Donald Trump: The Answer to Curses
Donald Trump dares to say out loud what many people secretly think.
It’s a dark secret some people never share because they know it’s so offensive. Sometimes they say it only when they feel safe, when they’re among like-minded family members or with friends trying to drown financial fear in mugs of beer.
Working America, the community affiliate of the AFL-CIO, talked to white workers in hardscrabble communities in Pennsylvania and Ohio over the past two months and found “huge,” as Donald Trump would put it, support for the Republican frontrunner, even among Democrats. Backers said they admired Trump for speaking his mind. What they really meant was that Trump spoke their minds. As one woman put it, “He says what most of us are thinking.”
Americans are cash-strapped and fearful. They’ve been working hard, following the rules and falling behind. They’re looking for someone to blame. That’s when they think of “the other,” the black guy, the brown guy, the woman, the Muslim, the gay, the person they don’t really know, the person a little different from them who they suspect must have taken their job or promotion or opportunity.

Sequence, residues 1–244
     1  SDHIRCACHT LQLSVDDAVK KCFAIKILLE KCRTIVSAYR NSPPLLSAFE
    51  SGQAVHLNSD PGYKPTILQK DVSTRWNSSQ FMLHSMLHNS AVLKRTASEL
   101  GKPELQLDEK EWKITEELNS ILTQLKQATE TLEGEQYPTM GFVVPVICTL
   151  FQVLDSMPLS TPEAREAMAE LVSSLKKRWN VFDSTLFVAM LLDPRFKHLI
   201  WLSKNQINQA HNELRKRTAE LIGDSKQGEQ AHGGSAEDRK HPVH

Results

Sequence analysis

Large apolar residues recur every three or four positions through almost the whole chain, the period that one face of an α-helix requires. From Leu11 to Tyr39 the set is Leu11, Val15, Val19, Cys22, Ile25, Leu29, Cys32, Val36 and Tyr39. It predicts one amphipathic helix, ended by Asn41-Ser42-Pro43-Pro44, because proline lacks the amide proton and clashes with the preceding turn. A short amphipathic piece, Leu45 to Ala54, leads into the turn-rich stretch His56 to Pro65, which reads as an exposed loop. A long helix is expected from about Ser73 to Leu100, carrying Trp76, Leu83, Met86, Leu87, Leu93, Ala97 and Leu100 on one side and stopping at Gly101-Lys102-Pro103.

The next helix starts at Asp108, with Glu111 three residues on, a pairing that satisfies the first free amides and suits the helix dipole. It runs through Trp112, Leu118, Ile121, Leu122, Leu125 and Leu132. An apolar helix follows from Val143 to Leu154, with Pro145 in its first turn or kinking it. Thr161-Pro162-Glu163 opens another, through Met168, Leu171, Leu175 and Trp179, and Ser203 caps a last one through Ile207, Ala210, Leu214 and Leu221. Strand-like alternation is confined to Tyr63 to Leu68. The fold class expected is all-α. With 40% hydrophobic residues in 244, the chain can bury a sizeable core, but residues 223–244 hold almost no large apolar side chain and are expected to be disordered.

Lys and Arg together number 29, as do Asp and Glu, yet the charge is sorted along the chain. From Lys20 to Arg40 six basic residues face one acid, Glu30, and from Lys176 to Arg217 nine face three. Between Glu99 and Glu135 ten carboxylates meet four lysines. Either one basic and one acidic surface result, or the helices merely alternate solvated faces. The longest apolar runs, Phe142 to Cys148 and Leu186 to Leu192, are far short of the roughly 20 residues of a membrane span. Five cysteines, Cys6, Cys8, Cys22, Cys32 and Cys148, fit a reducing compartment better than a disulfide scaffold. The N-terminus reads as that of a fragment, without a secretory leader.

Like a preacher of prejudice, Trump validates cursing the nation’s marginalized and accusing them of emptying workers’ bank accounts. Trump tells workers to point a finger at undocumented immigrants. He sermonizes excluding desperate refugees based on religion. This high priest of hate urged “Trumpeters” to stomp a Black Lives Matter activist seeking equal rights.
Fight among yourselves! Fight among yourselves, he urges.
Trump was born a one percenter. He went to an exclusive private school and college. His rich daddy gave him a big fat business loan to get him started. He benefited from multiple bankruptcies, the use of low-paid undocumented workers on his construction projects, tax breaks, tax havens and special rules and deals for the super-rich. Wealth created by the productivity of laborers like those Working America interviewed in Pennsylvania and Ohio flowed up to him. He got richer; their wages stagnated. Now, he’s a billionaire telling them that dirt poor Hispanics caused their problems. He says, “Don’t blame private-jet-owning one percenters like me! Blame those struggling immigrants!”
It’s a topsy-turvy Trump world.
It is a world, however, where workers’ economic anxieties are totally legitimate. For three decades after World War II, as worker productivity increased, so did their compensation. Productivity rose 97 percent; wages 91 percent. This was a time of shared prosperity.
The good times ended in the early 1970s, however. From 1973 to 2013 hourly compensation of the typical worker grew just 9 percent while productivity jumped 74 percent.
People like Trump, the already wealthy, benefitted from the difference. They took for themselves virtually all of the wealth that flowed from productivity growth. This terminated shared prosperity and spawned grotesque income inequality.
It is the real reason for worker anxiety.